Wednesday, April 25, 2018

Butterflies in the Desert

I've been sharing an abnormal amount of pictures lately, haven't I? Not because I have suddenly developed an interest in photography, no: I'll never have the patience or desire to learn to take good photos. As a writer, I take pictures more as records than as the art itself.

My latest batch come from Butterfly Wonderland. After viewing their short 3D film about monarch butterflies, you move into the butterfly zone. I'm used to the butterflies at the Desert Botanical Garden since, you know, I have membership there. So the question was, how different would this be?

Naturally, with this being the main feature rather than an addition to a main feature (the gardens) as it at DBG, the space was much larger. There was also more walking space, which meant that instead of everyone all moving together as in a circle, here everyone has the chance to take a different route or find a spot to just sit/stand and look. 

I also felt like the butterflies were flying around much more here than at the garden. Maybe that's just my memory failing me (I don't usually go see butterflies at DBG, honestly) or maybe it's because I visited at a different time of day than when I'm usually over there. Or maybe it was behavior or the time of year or the temperature or the amount of butterflies in the space. Who knows. 

This butterfly variety kept on flying around these red flowers; I wanted to catch a picture but they flew so fast like hummingbirds that it was hard to catch them. 

One did land on my head. At least, I feel certain that I felt something on my head; I went by myself so I had no one to ask. And one did land on my arm, later, too; it tickled like it was licking me. (This all reminds me of the butterflies at the Arboretum in Flagstaff. One landed on my head there just where I had on a headband, so it looked like it was part of my hair accessory.)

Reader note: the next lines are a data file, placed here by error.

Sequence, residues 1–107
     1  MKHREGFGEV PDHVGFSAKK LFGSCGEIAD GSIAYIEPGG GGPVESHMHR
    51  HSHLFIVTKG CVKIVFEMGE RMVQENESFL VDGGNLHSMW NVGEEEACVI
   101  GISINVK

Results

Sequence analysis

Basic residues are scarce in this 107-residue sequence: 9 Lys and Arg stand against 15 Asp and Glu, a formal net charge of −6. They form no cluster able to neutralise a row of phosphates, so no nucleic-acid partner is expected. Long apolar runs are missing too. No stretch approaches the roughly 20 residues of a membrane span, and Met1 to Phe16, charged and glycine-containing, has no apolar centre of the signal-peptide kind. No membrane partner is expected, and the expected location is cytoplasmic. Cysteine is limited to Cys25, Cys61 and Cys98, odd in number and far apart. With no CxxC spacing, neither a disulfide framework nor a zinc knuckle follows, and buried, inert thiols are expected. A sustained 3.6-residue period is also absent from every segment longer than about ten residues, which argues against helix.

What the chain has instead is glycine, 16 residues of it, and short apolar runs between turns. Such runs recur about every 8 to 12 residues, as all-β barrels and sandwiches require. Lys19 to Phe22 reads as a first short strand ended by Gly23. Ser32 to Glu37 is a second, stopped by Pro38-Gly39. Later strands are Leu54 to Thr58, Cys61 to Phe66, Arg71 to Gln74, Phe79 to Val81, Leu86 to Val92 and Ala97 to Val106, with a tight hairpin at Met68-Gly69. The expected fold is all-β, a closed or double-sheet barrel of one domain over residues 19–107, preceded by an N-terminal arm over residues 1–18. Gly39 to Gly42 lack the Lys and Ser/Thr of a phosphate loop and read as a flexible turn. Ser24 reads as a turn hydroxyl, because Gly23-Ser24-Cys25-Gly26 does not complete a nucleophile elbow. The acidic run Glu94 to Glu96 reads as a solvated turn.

Can you tell that I was stalking these brown ones with the eyes on their wings? Brown on the outside but when they flew, you could see bright color on the inside; they just never landed with their wings open. 

And they also had reptiles. Because, well, I guess you don't need a reason to include reptiles, do you? (No, no, they had a reason; the reptiles are all from rainforests, like the butterflies. But let's just say there are reptiles there just for the sake of coolness.) 

Lizards I find so beautiful. 

I only got a terrible picture of this one, but it was amazing and gorgeous. The panther chameleon. Bright blue and green and orange coloring and hands that split like some type of gloves with two fingers on each side so that it could grip the branches while climbing around. I was just standing there in awe of it while it showed off its cool fingers to me. 

The finish is a mini aquarium section, just one room with a few little tanks in the walls and some little stingrays and sharks in the middle. I, um, have a fear of aquariums (I'm sure I must have brought this up here at some point or another), so I was fearful of the fact that I was going to have to exit through an aquarium section. But it was small enough not to bother me much and one of the employees was playing with one of the stingrays (I had no idea stingrays could recognize and interact with people like that) and that helped distract me. I don't mind more of the "pond or pool water" type of setup; it's the fish tank type ones that disturb me. Maybe I'm not ready to go to Odysea Aquarium yet, then, eh?

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